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BURLINGTON — Koffee Kup has filed an emergency motion with the Chittenden Superior Court, asking the court to order Key Bank and the receiver of the assets of Koffee Kup to immediately pay nearly $800,000 in paid time off to “numerous former employees” of the now-shuttered bakery.

Last weekend, the Reformer received information that employees of Vermont Bread Company, a subsidiary of Koffee Kup, had money taken out of their checking accounts after they received their final paychecks from the company that abruptly closed on April 26.

“For the company to deposit the funds and then remove them from employee’s accounts the next day is theft and the Attorney General needs to look into this,” an employee wrote in an email to the Reformer. The employee asked that their name be withheld to protect their ability to find a similar job. “People are now seriously overdrawn in their accounts because they paid bills with the money.”

On April 1, American Industrial Acquisition Corp. purchased a majority share in Koffee Kup, which included the bakery in Burlington, Vermont Bread in Brattleboro, and Superior Bakery in North Grosvenor Dale, Conn. Twenty-five days later, AIAC closed the bakeries with no notice to employees.

The day after the closure, Jeff Sands, of Dorset Partners and the senior adviser in North America for AIAC, told the Reformer: “Four years of losses are the culprit. Everyone wants a villain storyline, but there’s just not one there. This one just wasn’t salvageable.”

In another confidential email to the Reformer, a former Vermont Bread employee noted he and others were facing “a nightmare” due to “the criminals at AIAC and the heinous disregard by Key Bank for employees who are now trying to rectify overdrafts ... none of us could even fathom that once paid, AIAC could go back and take our money from us. ... as they play political football with our lives, many of us are dealing with the shambles they have left us in.”

Sands did not respond to a request for comment.

On Tuesday, a representative of the receiver of Koffee Kup’s assets published a news release stating: “No funds were removed from any employee accounts.”

While the payroll company notified direct deposit employees that their payroll deposits would include both wages and paid time off, and issued paychecks that also included these amounts, wrote Justin Heller, an attorney for the receiver, in the news release, this was a mistake.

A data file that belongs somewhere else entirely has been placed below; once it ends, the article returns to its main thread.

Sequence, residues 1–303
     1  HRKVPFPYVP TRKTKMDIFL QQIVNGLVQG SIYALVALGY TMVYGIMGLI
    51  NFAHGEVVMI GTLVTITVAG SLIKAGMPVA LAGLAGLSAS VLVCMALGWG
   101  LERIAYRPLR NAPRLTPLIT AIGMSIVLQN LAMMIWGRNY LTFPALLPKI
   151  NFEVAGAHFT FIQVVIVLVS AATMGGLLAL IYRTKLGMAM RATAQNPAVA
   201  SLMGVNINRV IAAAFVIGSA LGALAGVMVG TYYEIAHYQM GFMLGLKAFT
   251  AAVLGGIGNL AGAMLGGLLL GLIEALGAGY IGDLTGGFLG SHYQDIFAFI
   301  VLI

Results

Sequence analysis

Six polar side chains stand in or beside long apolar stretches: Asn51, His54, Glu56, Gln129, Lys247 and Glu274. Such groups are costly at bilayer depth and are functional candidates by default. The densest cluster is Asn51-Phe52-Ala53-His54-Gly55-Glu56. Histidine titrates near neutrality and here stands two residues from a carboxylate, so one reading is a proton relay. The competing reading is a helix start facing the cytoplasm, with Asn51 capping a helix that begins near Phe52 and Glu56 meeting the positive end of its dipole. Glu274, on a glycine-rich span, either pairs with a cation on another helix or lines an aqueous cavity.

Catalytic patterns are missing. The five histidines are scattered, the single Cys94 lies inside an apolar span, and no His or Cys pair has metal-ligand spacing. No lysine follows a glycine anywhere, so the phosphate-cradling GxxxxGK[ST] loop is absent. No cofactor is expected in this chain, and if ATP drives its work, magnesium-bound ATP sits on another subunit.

Heller wrote that the balances were supposed to have been paid out of a $2.5 million support package from AIAC. Heller wrote that AIAC reneged on the agreement to provide the funds, and acknowledged the result was the first payroll disbursement was rescinded and replaced with an adjusted disbursement.

“AIAC has refused to fund these amounts, and is now attempting to foist that obligation onto the Receiver,” wrote Heller. “However, the Receiver has no obligation to fund the Company’s pre-receivership obligations.”

This resulted in overdrafts in accounts of many of the employees “because the initial payroll notices and paychecks that included PTO were issued in error and had, in fact, not been funded, and employees received less in their accounts or in their paychecks than they were initially and incorrectly told by the Company would be paid,” wrote Heller.

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Heller did not respond to a request for comment.

However, wrote Alexandra Edelman, of Primmer Piper Eggleston & Cramer, in Burlington, on behalf of “Koffee Kup Entities,” that Key Bank and the receiver are obligated by a stipulated order filed on May 3 “to immediately satisfy an urgent final payroll obligation of accrued paid time off in the amount of $797,568.17 ...”

There is no mention of AIAC in the emergency motion filed by Edelman.

“Instead of satisfying this obligation ... the Receiver is improperly holding back the funds, at the Bank’s explicit direction, for the Bank’s exclusive use,” wrote Edelman in the motion.

On May 4, attorneys for Koffee Kup notified Heller of an obligation to pay final payroll in the amount of $1,003,819.45, consisting of final April wages and paid time off.

“Counsel for the Koffee Kup Entities implored the Receiver, as the one in exclusive control of all company funds, to pay the employees what was owed to them ...” wrote Edelman.

On May 5, attorneys for Key Bank stated the receiver was appointed only to protect the bank’s collateral, that the company’s accounts “are now the Bank’s and the Bank will not make the final payroll payment,” wrote Edelman.

During a phone call on May 7, Key Bank attorneys told Koffee Kup attorneys the bank decided “in an empathetic attempt” not to object to the receiver funding payment of the final wages in the amount of $206,251.28.

However, wrote Edelman, absent was an explanation “as to why the Bank’s empathy did not extend to the PTO obligation ... It appears that this empathetic attempt involved deducting money from employee bank accounts.”

Edelman wrote that she learned from local news that about 80 percent of the money that had been placed in employees accounts several days prior was subsequently deducted by Key Bank.

The receiver is in possession of Koffee Kup’s assets, including payments for products supplied to stores prior to Koffee Kup’s closure, wrote Edeleman, so the receiver should have the funds necessary to comply with the May 3 order.

Bob Audette can be contacted at raudette@reformer.com.